Educators are designers of learning ecosystems for youth.
That’s just one of the many revelations in the newly published ebook Teaching in the Connected Learning Classroom. Freely available as a downloadable PDF, the volume brings together practitioner stories from the National Writing Project’s Digital Is space, stories that chronicle the ways in which educators are designing and implementing learning opportunities based on kids’ academic pursuits, their digital interests, and their peer culture -- collectively described as Connected Learning -- for young people in K-12 settings.
Read how Larissa Pahomov, a teacher at the Science Leadership Academy in Philadelphia, decided to "hack" the traditional, formal essay to create the 2Fer, a two-page analytical paper her students complete every two weeks on any topic they choose. Larissa's students respond to the question, "Why is the world the way that it is?" replacing "the world" with a topic of interest to them, all the while using Google Docs as an online collaborative writing and portfolio system.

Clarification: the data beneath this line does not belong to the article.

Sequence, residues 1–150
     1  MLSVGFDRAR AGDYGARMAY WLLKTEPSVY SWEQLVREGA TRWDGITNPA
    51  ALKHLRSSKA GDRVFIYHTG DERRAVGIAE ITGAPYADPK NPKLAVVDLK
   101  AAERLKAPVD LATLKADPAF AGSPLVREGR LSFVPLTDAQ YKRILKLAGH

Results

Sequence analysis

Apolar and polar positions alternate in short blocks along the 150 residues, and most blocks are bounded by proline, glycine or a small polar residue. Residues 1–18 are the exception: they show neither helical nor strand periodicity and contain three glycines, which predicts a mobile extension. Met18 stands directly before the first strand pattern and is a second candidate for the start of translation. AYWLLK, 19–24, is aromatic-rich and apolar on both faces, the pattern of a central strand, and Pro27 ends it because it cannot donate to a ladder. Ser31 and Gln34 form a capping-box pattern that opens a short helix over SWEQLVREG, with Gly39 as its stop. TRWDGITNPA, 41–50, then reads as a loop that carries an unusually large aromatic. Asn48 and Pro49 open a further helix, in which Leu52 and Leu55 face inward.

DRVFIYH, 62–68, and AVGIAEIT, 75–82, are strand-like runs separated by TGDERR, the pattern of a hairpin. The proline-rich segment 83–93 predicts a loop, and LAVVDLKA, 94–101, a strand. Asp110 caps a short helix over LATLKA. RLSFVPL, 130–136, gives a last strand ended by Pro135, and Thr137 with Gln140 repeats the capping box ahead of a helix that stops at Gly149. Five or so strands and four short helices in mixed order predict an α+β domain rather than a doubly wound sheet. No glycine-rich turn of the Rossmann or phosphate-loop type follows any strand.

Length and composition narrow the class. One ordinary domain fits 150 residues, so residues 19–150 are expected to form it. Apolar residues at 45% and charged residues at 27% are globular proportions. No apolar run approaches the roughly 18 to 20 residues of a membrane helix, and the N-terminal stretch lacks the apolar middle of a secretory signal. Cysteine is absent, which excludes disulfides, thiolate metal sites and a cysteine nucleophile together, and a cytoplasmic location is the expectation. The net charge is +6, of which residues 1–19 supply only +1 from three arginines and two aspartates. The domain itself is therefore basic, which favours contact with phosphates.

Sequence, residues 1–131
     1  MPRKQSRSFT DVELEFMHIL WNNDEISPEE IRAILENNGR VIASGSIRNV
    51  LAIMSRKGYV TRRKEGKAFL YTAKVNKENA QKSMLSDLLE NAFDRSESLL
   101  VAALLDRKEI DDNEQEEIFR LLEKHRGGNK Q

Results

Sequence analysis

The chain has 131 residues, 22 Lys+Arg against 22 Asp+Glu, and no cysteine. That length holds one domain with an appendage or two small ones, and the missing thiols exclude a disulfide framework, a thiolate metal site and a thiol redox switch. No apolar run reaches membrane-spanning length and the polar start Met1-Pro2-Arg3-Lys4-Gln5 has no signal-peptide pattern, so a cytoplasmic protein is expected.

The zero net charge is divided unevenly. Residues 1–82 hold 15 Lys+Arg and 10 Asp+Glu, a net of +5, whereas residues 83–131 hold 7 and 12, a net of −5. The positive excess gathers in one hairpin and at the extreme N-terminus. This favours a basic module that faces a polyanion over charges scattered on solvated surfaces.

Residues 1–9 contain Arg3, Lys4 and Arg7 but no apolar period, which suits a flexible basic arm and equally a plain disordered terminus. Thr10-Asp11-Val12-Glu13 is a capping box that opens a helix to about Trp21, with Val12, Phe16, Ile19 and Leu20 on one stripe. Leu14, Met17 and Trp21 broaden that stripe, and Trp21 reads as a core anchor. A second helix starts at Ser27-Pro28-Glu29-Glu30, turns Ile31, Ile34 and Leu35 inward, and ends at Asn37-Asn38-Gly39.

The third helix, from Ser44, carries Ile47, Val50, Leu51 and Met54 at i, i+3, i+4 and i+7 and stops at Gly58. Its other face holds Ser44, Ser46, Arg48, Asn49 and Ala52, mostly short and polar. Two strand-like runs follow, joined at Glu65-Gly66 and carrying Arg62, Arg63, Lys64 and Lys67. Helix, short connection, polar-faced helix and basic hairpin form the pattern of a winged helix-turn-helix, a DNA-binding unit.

Learn how Jason Sellers, a San Francisco teacher, leverages the literacies involved in coding and his kids' interest in video games to help them create interactive fiction using the Playfic site.
Follow Lacy Manship as she places a digital video camera into the hands of her kindergartners so that they can freely document the "underlife" of the space in which they co-exist each day -- their classroom -- thereby giving Lacy a glimpse into their perspective as members of the classroom community.
These stories of practice are undergirded by the set of principles known as Connected Learning, which focus on digitally mediated learner pathways fueled by interest, creative production, peer interaction, and shared purpose. This ebook makes plain to educators that we can and should cultivate our kids’ desire to create –- zines, games, and, yes, essays -- and leverage that desire to make school relevant, from 9 to 3 and beyond.
Teaching in the Connected Learning Classroom was published by the Digital Media and Learning Research Hub and supported by grants from the John D. and Katherine T. MacArthur Foundation.